Article  Google Scholar 

  7. 7.

    Wang L, Xie Y, Fang H, Zhang X, Pan H, Yan S. Long noncoding RNA DANCR in various cancers: a meta-analysis and bioinformatics. Cancer Manag Res. 2019;11:6581–92.

    CAS  Article  Google Scholar 

  8. 8.

    Zhou Y, Wang R, Xu T, et al. Prognostic value of long noncoding RNA CRNDE as a novel biomarker in solid cancers: An updated systematic review and meta-analysis. J Cancer. 2019;11(10):2386–96.

    Article  Google Scholar 

  9. 9.

    Zhang Y, Lin S, Yang X, Zhang X. Prognostic and Clinicopathological significance of lncRNA MVIH in Cancer patients. J Cancer. 2019;6(10):1503–10.

    Article  Google Scholar 

  10. 10.

    An H, Xu B, Wang Q, Li Y, Shen L, Li S. Up-regulation of long non-coding RNA SNHG6 predicts poor prognosis in renal cell carcinoma. Eur Rev Med Pharmaco. 2018;24(22):8624–9.

    Google Scholar 

  11. 11.

    Yan K, Tian J, Shi W, Xia H, Zhu Y. LncRNA SNHG6 is associated with poor prognosis of gastric Cancer and promotes cell proliferation and EMT through epigenetically silencing p27 and sponging miR-101-3p. Cell Physiol Biochem. 2017;3(42):999–1012.

    Article  Google Scholar 

  12. 12.

    Lv P, Qiu X, Gu Y, Yang X, Xu X, Yang Y. Long non-coding RNA SNHG6 enhances cell proliferation, migration and invasion by regulating miR-26a-5p/MAPK6 in breast cancer. Biomed Pharmacother. 2019;110:294–301.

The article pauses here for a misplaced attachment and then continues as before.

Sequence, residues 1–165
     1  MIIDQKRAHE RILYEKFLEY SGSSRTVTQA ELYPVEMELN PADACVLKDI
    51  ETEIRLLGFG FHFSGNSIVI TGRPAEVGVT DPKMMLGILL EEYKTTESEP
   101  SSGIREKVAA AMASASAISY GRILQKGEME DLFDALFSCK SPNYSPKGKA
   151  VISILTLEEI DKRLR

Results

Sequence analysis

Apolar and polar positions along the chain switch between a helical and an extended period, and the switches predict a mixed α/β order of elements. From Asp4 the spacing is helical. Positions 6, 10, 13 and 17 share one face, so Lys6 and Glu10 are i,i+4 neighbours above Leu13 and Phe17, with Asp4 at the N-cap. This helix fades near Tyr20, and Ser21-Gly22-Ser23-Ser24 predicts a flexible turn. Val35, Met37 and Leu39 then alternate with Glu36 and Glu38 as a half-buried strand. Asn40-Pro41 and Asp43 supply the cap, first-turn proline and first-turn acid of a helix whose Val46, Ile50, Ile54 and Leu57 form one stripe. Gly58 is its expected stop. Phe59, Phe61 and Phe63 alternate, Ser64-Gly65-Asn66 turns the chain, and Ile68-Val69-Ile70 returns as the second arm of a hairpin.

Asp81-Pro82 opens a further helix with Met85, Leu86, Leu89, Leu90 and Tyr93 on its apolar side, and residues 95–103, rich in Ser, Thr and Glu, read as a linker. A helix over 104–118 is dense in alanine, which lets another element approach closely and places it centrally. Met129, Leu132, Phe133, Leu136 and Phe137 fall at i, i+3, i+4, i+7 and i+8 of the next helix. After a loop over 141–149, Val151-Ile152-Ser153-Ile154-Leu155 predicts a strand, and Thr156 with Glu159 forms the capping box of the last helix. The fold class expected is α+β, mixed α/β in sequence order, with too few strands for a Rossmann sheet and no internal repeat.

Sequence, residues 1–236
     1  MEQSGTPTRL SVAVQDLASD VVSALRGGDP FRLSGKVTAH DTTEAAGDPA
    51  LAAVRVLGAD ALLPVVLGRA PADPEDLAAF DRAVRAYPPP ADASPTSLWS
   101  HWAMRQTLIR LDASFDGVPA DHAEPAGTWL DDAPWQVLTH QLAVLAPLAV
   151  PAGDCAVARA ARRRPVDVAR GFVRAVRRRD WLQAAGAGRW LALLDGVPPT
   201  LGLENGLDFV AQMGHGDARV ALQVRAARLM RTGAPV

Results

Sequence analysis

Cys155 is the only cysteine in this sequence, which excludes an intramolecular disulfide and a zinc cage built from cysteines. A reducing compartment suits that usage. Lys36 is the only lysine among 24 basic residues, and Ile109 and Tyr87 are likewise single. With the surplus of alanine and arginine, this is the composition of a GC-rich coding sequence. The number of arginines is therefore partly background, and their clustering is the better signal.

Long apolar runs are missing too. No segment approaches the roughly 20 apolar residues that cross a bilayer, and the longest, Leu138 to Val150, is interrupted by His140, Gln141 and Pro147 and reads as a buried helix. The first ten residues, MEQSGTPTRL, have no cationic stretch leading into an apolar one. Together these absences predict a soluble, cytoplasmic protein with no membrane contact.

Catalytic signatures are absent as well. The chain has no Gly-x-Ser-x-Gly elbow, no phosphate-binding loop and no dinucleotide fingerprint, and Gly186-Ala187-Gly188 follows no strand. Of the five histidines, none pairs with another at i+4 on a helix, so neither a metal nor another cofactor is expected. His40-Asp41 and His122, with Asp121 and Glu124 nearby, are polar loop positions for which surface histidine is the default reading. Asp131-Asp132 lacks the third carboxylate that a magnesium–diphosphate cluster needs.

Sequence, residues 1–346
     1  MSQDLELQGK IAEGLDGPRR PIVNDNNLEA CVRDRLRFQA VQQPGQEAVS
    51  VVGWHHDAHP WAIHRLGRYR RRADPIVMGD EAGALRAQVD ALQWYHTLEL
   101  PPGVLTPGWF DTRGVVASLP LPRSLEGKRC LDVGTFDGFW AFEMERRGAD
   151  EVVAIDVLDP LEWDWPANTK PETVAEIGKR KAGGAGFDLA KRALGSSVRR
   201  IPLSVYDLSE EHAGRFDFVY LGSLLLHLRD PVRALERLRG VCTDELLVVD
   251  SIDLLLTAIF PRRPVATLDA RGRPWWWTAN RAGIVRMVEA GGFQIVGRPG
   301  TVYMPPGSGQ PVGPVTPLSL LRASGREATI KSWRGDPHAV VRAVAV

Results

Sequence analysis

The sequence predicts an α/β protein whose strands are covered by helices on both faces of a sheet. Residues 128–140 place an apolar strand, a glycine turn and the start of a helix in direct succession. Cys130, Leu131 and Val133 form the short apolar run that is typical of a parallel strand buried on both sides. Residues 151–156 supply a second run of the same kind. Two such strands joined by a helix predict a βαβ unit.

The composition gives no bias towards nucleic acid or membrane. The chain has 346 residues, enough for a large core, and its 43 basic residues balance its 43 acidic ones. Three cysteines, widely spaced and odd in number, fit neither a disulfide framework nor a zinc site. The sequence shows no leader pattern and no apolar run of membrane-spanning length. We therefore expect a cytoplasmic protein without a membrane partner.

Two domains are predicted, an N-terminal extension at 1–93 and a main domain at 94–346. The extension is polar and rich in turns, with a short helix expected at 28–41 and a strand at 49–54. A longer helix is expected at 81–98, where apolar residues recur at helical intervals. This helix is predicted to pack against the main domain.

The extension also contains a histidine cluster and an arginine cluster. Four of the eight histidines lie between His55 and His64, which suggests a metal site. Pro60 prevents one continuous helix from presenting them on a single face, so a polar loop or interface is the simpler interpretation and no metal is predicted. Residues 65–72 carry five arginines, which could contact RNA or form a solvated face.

CAS  Article  Google Scholar 

  13. 13.

    Li M, Bian Z, Yao S, et al. Up-regulated expression of SNHG6 predicts poor prognosis in colorectal cancer. Pathol Res Pract. 2018;5(214):784–9.

    Article  Google Scholar 

  14. 14.

    Cai G, Zhu Q, Yuan L, Lan Q. LncRNA SNHG6 acts as a prognostic factor to regulate cell proliferation in glioma through targeting p21. Biomed Pharmacother. 2018;102:452–7.

    CAS  Article  Google Scholar 

  15. 15.

    Li K, Ma YB, Tian YH, et al. Silencing lncRNA SNHG6 suppresses proliferation and invasion of breast cancer cells through miR-26a/VASP axis. Pathol Res Pract. 2019;152575.

  16. 16.

    Tierney JF, Stewart LA, Ghersi D, Burdett S, Sydes MR. Practical methods for incorporating summary time-to-event data into meta-analysis. Trials. 2007;1(8):16.